In a foreign language, in a foreign land
The last issue of the Chicago Reader contains a special section on new Spring books with a couple of interesting articles profiling Asian American writers and their new works, including the latest from novelist and poet Ha Jin. The Writer as Migrant is a collection of three interconnected essays that draw both on his own experiences as a Chinese immigrant living in the U.S., as well as the writing of other famous literary exiles, including Alexander Solzhenitsyn, Lin Yutang, and Joseph Conrad, to illustrate the unique obstacles and opportunities that face those writing in a foreign language, and in a foreign land. The Reader article focuses on Jin’s personal struggles between feelings of alienation from his native Chinese language and culture, and the greater intellectual freedoms he has experienced writing in the U.S.:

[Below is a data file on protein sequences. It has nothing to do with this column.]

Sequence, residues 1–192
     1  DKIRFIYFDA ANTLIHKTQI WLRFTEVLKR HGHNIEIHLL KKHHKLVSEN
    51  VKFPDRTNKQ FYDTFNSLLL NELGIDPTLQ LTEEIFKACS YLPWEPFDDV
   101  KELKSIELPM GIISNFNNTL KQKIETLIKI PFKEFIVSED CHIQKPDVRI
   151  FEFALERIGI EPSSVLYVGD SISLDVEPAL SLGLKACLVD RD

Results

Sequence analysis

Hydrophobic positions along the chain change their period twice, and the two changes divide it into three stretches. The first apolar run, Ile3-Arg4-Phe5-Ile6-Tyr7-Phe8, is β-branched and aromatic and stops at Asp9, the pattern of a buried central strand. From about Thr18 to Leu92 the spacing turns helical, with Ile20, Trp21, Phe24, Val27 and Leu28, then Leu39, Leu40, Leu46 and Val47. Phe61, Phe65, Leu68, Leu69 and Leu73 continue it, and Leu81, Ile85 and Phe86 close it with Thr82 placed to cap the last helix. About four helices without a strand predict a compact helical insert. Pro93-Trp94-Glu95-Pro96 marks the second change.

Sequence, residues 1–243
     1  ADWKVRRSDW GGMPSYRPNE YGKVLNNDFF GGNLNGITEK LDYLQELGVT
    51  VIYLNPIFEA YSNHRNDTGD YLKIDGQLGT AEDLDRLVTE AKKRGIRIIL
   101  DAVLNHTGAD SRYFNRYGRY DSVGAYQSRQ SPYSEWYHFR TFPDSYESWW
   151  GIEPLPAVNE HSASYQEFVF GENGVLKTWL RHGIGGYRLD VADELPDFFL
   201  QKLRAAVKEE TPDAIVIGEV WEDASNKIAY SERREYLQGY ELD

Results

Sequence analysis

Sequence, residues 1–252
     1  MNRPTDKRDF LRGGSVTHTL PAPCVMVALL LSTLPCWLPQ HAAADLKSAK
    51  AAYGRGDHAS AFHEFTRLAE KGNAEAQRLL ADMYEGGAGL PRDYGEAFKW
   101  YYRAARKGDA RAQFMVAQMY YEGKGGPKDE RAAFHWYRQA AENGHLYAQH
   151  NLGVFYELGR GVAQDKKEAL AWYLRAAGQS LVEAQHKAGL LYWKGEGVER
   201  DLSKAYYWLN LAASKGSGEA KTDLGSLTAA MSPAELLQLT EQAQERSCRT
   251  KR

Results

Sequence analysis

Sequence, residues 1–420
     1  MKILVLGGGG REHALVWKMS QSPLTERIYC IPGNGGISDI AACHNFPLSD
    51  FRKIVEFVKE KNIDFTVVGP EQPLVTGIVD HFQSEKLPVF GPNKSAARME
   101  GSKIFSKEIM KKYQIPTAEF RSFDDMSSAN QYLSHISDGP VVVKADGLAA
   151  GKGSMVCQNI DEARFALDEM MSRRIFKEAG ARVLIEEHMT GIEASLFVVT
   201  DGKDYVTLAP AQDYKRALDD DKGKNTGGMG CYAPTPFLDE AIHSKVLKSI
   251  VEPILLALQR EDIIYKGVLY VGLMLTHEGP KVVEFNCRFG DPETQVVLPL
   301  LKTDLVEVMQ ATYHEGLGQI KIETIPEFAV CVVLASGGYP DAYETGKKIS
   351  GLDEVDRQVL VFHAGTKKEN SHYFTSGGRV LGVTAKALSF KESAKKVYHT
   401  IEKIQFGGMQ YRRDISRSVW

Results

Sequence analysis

When he started writing, Jin says, “I viewed myself as a Chinese writer who would write in English on behalf of the downtrodden Chinese.” But how could he write on behalf of a people if he couldn’t also address them? Since his books often deal with the politics of modern China—his first volume of poems, Between Silences: A Voice From China, is based on his experiences in the Chinese army—most of them haven’t been published there. One exception is Waiting, his best-known and least political novel—and even that’s been condemned by some as anti-China.
Of course, had he returned to China he could have written in Chinese. Then again, he might not be writing at all. Jin thinks he’d have become a translator or critic or maybe a professor, but wouldn’t have written much. When he was starting out in the U.S., he says, writing was a matter of survival: he was on the tenure track at Emory and had to publish to keep his job. But writing in English offers another sort of survival as well. It’s “a way for me to do meaningful work in a language that’s not controlled by authorities. In that way it’s a matter of artistic survival.”
So he writes in English, even though he argues in the book’s second essay, “The Language of Betrayal,” that “no matter how the writer attempts to rationalize and justify adopting a foreign language, it is an act of betrayal that alienates him from his mother tongue.…”
Read the rest of the article online at the Chicago Reader website.